|Volume 9, Issue 4||Fall 1999|
from page 6
availability of food and medicine for humanitarian assistance abroad by requiring Congressional approval before the imposition of any unilateral agricultural or medical sanction against a foreign country or foreign entity", a slight re-write of his amendment to the agriculture bill. The bill currently has 36 co-sponsors; it hopefully will see some action in early 2000.
A similar effort is afoot in the House, with pressure being put on Speaker Dennis Hastert to allow a debate and vote on the House floor. Two "Dear Colleague" letters, one Republican and one Democratic, are currently collecting signatures for letters to the Speaker urging him to take up legislation allowing exports of food and medicine to countries subject to economic sanctions. This includes Cuba. The number of signers is steadily growing; between the two letters the goal is to exceed 218, the number needed to pass a bill in the House, which looks hopeful.
This work finds us in coalition with new and sometimes unusual partners: the U.S. business community, agriculture interests (both agribusiness and small mid-western farmers), Cuban-Americans open to ending the embargo, as well as our customary partners from the religious and human rights communities. The coalition continues to gain in strength and resolve, as we work together to benefit both the Cuban people without access to needed medicines and food, and U.S. farmers in search of new markets for their products.
In addition, the Administration recently came out with seemingly contradictory actions. President Clinton said in early November that he could favor an easing of the embargo on Cuba “under the right circumstances,” a plan similar to legislation considered recently by Congress to exempt food and medicine from U.S. embargoes. At the same time, the State Department initiated a new web site focused exclusively on Cuba. Its stated purpose is to help Americans understand the maze of rules and regulations governing travel to Cuba, the U.S. embargo against the island and related issues. It highlights, with the help of pictures, the Administration’s view of perceived shortcomings of the revolution in such areas as housing, transportation, and human rights. Then, on November 10, President Clinton rejected appeals from House Republicans to put Cuba on the so-called “majors” list of drug exporting and drug trafficking nations, stating that no clear evidence has been found that cocaine or heroin are transiting Cuba en route to the United States in quantities that significantly affect the United States. House Republicans have promised retaliatory measures.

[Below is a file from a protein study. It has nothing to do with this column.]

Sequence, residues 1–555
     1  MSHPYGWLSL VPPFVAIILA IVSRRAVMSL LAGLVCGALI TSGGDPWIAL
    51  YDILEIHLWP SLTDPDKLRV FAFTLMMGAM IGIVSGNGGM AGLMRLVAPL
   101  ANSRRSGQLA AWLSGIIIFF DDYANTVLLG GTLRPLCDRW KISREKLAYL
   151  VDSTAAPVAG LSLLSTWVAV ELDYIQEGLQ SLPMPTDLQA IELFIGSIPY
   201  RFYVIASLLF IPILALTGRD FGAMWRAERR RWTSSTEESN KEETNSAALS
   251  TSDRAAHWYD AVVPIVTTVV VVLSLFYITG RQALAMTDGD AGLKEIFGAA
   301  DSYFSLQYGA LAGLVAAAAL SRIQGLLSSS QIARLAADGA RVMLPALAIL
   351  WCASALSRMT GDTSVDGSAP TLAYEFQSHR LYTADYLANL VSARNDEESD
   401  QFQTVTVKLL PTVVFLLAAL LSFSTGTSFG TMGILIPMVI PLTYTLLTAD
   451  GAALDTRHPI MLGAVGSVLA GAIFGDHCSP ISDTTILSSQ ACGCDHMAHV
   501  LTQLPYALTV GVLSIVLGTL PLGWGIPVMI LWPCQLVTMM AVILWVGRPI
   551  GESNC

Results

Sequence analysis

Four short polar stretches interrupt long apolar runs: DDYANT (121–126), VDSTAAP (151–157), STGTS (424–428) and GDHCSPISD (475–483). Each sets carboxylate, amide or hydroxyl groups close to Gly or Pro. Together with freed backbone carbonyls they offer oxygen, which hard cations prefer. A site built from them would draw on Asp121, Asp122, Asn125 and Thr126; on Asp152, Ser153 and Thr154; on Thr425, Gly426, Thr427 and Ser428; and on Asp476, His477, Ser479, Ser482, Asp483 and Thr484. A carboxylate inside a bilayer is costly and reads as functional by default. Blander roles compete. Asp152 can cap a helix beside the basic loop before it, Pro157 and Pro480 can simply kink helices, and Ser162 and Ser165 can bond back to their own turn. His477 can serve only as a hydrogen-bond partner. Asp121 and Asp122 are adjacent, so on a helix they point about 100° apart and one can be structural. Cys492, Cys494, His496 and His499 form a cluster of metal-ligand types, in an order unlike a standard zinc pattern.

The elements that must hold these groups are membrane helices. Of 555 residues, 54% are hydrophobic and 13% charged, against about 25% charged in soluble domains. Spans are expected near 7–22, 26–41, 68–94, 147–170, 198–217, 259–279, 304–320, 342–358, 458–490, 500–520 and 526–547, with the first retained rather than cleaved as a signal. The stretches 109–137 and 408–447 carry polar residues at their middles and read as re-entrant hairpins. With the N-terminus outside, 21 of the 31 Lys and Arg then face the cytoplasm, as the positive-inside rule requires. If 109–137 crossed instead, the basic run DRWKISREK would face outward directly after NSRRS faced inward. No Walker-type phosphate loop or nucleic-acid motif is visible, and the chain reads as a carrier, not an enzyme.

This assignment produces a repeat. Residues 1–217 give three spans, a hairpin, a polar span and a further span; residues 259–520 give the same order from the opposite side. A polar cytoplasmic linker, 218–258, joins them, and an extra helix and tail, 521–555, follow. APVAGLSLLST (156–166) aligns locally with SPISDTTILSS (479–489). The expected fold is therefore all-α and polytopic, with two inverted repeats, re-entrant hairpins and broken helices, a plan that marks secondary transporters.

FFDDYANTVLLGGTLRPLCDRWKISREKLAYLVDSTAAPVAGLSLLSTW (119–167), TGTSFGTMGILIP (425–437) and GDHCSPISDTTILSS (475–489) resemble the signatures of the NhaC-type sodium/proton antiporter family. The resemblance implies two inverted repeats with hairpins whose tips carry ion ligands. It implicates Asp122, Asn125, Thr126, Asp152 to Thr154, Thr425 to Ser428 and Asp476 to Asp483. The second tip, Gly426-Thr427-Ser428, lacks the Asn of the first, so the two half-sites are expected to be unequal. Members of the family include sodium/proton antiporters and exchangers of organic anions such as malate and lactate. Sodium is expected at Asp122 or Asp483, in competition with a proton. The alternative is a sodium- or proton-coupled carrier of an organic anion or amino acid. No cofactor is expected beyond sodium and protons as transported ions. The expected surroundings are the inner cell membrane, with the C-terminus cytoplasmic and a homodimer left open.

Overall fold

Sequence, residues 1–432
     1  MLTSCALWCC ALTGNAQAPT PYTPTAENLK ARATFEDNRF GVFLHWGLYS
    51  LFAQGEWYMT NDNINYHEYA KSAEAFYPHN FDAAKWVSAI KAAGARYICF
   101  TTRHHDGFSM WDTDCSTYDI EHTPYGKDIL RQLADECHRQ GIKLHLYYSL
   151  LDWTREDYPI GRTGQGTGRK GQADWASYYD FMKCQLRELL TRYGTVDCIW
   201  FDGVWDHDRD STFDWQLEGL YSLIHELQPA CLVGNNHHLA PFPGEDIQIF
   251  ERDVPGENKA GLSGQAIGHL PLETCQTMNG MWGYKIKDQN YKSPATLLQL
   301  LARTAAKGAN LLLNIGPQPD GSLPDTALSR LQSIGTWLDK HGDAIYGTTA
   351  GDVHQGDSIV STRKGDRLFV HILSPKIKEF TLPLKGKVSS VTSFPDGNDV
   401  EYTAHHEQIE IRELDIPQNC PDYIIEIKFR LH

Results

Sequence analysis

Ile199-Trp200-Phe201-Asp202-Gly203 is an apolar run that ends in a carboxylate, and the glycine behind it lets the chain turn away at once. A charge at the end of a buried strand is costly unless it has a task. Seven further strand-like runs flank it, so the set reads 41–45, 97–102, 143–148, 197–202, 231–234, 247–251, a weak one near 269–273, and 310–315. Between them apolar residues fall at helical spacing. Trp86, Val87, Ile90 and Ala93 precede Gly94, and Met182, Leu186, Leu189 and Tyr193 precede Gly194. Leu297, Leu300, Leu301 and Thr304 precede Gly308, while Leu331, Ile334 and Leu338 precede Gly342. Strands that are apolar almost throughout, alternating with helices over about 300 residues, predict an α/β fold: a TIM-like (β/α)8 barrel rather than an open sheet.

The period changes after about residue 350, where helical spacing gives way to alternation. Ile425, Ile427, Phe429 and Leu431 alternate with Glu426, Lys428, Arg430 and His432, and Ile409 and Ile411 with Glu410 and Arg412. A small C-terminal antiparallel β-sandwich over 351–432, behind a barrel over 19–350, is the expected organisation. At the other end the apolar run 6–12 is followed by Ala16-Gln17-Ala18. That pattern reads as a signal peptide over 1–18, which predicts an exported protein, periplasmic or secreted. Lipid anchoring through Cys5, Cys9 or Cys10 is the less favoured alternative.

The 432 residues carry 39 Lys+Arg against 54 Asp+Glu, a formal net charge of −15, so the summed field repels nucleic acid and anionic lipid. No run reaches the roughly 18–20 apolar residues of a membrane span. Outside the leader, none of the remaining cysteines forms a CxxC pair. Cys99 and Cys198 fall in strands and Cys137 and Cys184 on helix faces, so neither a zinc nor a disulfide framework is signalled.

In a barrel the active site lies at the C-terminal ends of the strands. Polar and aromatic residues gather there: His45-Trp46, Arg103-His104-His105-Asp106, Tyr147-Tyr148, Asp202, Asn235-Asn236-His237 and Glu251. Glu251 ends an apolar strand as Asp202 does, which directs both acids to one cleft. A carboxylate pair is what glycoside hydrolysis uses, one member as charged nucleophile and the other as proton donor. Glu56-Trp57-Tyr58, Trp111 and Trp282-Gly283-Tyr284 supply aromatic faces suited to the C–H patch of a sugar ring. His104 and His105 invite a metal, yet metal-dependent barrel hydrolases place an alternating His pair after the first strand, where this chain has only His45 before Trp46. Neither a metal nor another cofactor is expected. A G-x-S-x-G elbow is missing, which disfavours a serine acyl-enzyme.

LAWG continues to encourage that you contact your Senators and Representative to become cosponsors of the Dodd/Serrano legislation (S. 926/H.R. 1644) to end the embargo on the sale of food and medicine to Cuba. This enables us to assess support for the Ashcroft bill and the similar bill to be introduced in the House, plus pending travel legislation. The House of Representatives is especially important at this time. For the status of your Congressperson or Senator’s positions, and contact phone numbers call or write us.
LAWG’s Cuba grassroots network is active and growing, having increased to an e-mail list of over 400 groups and individuals. The response to our alerts and requests for action from this network of people concerned about U.S. policy toward Cuba is heartening. They can be credited with positively changing a significant number of votes on Cuba legislation this session. If you’d like to join the network, e-mail us and request to be put on the list. A current effort is to provide an organizing packet to raise the issue of Cuba in the up-coming Congressional campaigns. We’ll be in touch with our state/district contacts to assist in designing a strategy in your area. Please contact us if you’re willing to help organize or participate.
For more information, contact the Latin America Working Group, 11O Maryland Avenue NW, Box 15, Washington, DC, 20002; telephone: (202)546-7010; http://www.lawg.org.
Governor of Illinois visits Cuba
On October 23rd, Governor George H. Ryan became the first sitting US governor to visit Cuba in over 40 years. Ryan brought almost $2 million of humanitarian supplies, and a delegation which included First Lady Lura Lynn Ryan, Representative Edgar Lopez (D-Chicago), Illinois Speaker of the House, Illinois House and Senate minority leaders, as well as state representatives, senators, and cabinet members. “My hope is that this humanitarian mission will usher in a new era of cooperation and understanding between the people of our two countries. We’re going to build bridges between the people of Illinois and the people of Cuba,” Ryan said. “Isolating Cuba is not in the best interests of Illinois or in the best interests of the US.” Issued a U.S. Treasury Department license, Ryan met with Fidel Castro, and other government officials. Ryan emphasized the similarities between Cuba and Illinois: “We have visited with your Minister of Agriculture and toured your farms,” he said. “We have discovered much about your land and what it can produce. We have learned that our commitment to the land is the same. It’s what we produce that is different.” His humanitarian aid included school supplies, medicines, food, and clothing. “Too often these kids are not getting the proper medical attention they need,” Mrs. Ryan said. "By providing these supplies, I hope that we can improve their plight today and help them prepare for a better tomorrow."
In this issue ...
Agent Orange Update
Debt Relief and the Economic Crisis
Vietnam Women's Union Hosts Energy Training
What Happened to the Trade Agreement
The Legacy of the Khmer Rouge
Conference Report III